Torn by Nicole Surginer

Sporadic flashes of love and fury
churn charcoal through blood teared cloud.
I tread heavily the sands of madness,
laden in weight of a heavy heart
shackled to a fleeting soul.
I am singed in ash of your remnants,
pelting mercilessly from a dragon fire sky.
Jilted earth tears away
the seams of her missing half,
swallowing whole my shallowed breath,
spilling forth your ghost from tattered veins.
Starved blood stings colder than death.

nicole-surginer-2
Nicole Surginer is a poet from the small town of Bastrop,Texas. She is inspired to write through her obsession with nature’s enchantment, a fascination with expressing the power of love in a raw, intense form and finding beauty in the darkest places. She has been published in Tuck Magazine, Anti-Heroin Chic, Indiana Voice Journal, Sick Lit Magazine, Your One Phone Call, In Between Hangovers, Oddball Magazine, The Song Is, Scarlett Leaf Review, with pending publications with Prachya Review and the anthology Dandelion in a vase of roses.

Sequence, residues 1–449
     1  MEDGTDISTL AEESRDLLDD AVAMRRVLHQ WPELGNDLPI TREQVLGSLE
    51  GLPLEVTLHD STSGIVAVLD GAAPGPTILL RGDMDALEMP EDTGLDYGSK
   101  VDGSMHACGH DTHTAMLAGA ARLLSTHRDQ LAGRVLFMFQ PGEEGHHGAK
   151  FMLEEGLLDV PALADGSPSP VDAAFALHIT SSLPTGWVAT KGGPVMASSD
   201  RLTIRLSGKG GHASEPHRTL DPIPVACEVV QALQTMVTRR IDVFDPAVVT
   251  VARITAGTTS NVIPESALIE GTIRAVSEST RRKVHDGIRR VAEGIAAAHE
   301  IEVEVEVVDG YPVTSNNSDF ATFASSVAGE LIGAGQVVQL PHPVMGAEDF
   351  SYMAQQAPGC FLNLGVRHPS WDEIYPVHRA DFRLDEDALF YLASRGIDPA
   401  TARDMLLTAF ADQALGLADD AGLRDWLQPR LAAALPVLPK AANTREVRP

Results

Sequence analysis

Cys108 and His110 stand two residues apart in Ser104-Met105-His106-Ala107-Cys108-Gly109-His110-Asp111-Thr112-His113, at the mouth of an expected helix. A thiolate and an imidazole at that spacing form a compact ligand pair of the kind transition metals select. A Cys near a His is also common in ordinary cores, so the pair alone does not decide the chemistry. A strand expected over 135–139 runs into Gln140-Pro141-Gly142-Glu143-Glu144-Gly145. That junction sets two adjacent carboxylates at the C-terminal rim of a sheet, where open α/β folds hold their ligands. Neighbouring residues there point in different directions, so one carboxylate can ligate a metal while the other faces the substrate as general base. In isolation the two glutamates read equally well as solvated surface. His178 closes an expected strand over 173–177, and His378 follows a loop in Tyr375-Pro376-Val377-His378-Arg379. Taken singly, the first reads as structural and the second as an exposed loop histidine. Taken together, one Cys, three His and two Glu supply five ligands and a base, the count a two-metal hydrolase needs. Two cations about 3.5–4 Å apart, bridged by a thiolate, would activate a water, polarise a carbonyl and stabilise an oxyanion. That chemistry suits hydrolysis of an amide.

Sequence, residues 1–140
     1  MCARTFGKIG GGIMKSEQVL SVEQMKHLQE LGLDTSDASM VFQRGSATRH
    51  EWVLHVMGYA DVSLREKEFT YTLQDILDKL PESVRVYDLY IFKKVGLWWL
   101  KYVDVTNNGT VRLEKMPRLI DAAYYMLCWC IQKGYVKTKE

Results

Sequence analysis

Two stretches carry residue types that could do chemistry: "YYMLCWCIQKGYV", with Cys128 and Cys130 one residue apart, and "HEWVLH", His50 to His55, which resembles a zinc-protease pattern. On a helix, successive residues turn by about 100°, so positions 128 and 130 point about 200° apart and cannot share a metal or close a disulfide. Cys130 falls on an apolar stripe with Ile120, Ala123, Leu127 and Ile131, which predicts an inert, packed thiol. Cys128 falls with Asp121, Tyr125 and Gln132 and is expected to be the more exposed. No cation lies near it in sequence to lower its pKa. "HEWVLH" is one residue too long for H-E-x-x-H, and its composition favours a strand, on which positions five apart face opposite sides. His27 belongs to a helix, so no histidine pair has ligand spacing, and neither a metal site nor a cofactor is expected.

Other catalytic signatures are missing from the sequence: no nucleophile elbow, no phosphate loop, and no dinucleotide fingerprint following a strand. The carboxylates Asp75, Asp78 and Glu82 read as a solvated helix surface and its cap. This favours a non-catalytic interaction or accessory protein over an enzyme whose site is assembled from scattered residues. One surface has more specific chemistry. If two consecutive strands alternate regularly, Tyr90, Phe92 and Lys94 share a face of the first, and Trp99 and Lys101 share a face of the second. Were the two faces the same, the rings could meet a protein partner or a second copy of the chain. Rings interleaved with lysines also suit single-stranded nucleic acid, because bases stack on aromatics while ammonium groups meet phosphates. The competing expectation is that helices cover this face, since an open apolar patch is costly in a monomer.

Words Running For Cover by Richard Livermore

I don’t see why words
should always wait table
or go traipsing
off to the moon
to carry the day.

Omnivorous time
will bring home
the bacon and grant
the dog another
timely divorce,

but only as long as
insanity hangs in the sky
and words that make
sense have gone home
to lay down and die.

richard-livermore
• Biography: Richard Livermore was born in Sussex in 1944. He went to various boarding-schools and left at 15. He joined the Army, but was discharged 6 months later. He went from job to job and in 1974 to Newbattle Abbey College in Scotland. He has lived in Scotland ever since, except for 5 years in Spain. He has had numerous poems published in magazine and webzines in Britain and the USA, plus books by Lothlorien, Diehard and Chanticleer Press. He is presently retired.

About Ideas by Sofia Kioroglou

Ideas are bricks
Sometimes they can be building blocks
At other times they can be thrown through windows
It just takes a moment to make well-structured societies fall apart

sofia-kioroglou
Sofia Kioroglou is a twice award-winning poet, journalist, writer and prolific blogger residing in Athens, Greece, with her husband Peter. Her work can be found in print and online, most recently in Galleon Literary Journal. To learn more about her work, visit: sofiakioroglou.wordpress.com